Wellfleet Bay's Conservation Work

Wellfleet Bay Wildlife Sanctuary is actively involved with a variety of research projects that relate to wildlife monitoring, research, restoration, and conservation on the Outer Cape. Many of the projects focus on endangered or threatened species, or those that have declining populations. Current, on-going projects include:

  • Protecting terns and plovers in the Coastal Waterbird Program
  • Monitoring diamondback terrapins
  • Surveying horseshoe crabs
  • Mapping nesting ospreys
  • Counting migrating hawks
  • Restoring shellfish habitat
  • Rescuing sea turtles

While we have dedicated science staff, the efforts of citizen science volunteers provide critical support to our science department, as well as to the wildlife themselves. 

Terrapin hatchling emerging from shell

Wellfleet Bay is home to the most northerly population of the diamondback terrapin (Malaclemys terrapin). Through our conservation work, we hope to protect this enigmatic species and the salt marshes it calls home. Learn More >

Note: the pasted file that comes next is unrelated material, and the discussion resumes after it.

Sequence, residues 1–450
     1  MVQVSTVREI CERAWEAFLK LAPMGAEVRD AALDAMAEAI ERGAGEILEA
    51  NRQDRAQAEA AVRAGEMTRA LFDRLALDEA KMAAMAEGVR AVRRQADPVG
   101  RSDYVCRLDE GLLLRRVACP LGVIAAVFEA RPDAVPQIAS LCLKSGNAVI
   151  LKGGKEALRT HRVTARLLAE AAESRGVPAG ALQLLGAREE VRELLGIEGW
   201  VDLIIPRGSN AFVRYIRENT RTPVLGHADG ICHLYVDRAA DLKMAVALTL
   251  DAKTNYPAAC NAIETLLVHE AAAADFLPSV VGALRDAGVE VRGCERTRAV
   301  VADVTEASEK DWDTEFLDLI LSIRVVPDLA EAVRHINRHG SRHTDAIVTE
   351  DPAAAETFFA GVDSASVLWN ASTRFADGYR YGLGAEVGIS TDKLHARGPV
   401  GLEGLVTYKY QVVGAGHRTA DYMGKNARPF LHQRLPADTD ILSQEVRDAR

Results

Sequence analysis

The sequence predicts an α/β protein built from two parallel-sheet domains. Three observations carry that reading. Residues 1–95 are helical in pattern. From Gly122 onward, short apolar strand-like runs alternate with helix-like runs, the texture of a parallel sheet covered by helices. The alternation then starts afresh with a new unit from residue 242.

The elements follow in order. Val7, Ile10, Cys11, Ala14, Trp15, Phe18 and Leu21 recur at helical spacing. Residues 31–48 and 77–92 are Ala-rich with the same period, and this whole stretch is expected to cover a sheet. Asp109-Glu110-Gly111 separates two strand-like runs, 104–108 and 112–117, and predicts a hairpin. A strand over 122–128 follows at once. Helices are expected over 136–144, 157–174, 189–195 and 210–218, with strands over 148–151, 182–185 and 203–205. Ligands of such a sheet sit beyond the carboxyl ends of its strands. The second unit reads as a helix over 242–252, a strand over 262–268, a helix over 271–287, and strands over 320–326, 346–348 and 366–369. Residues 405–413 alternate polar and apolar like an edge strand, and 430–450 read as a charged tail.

Northern Harrier © Shawn P. Carey, Migration Productions
Northern Harrier © Shawn P. Carey, (Migration Productions)

Wellfleet Bay, in partnership with Eastern Massachusetts Hawk Watch and with permission from the Cape Cod National Seashore, has been conducting a spring hawk watch at Pilgrim Heights in Truro since 1998. Learn More >

Mass Audubon staff member examining a sea turtle © Esther Horvath
Mass Audubon staff member examining a sea turtle © Esther Horvath

Wellfleet Bay Wildlife Sanctuary is working to help stranded sea turtles on Cape Cod. You can also help by reporting strandings. Learn More >

Group of horseshoe crabs

Horseshoe crabs have been crawling ashore on Cape Cod to mate on full moon nights for about 350 million years, and Mass Audubon seeks to ensure this ancient rite of spring continues. But increased harvesting of these fascinating animals threatens their population. Please volunteer today to help preserve these very special creatures. Learn More >